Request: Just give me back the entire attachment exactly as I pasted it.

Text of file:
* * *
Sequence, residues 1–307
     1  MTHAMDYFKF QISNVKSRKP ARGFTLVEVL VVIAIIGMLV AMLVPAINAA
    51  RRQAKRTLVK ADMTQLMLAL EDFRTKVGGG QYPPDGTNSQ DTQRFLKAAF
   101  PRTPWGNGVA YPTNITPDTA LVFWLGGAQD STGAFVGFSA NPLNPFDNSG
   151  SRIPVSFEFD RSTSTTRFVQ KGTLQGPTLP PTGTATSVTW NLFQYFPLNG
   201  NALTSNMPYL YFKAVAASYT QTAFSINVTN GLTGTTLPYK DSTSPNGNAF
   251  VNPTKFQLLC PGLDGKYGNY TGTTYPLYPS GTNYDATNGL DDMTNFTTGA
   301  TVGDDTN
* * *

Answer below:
Sequence, residues 1–307
     1  MTHAMDYFKF QISNVKSRKP ARGFTLVEVL VVIAIIGMLV AMLVPAINAA
    51  RRQAKRTLVK ADMTQLMLAL EDFRTKVGGG QYPPDGTNSQ DTQRFLKAAF
   101  PRTPWGNGVA YPTNITPDTA LVFWLGGAQD STGAFVGFSA NPLNPFDNSG
   151  SRIPVSFEFD RSTSTTRFVQ KGTLQGPTLP PTGTATSVTW NLFQYFPLNG
   201  NALTSNMPYL YFKAVAASYT QTAFSINVTN GLTGTTLPYK DSTSPNGNAF
   251  VNPTKFQLLC PGLDGKYGNY TGTTYPLYPS GTNYDATNGL DDMTNFTTGA
   301  TVGDDTN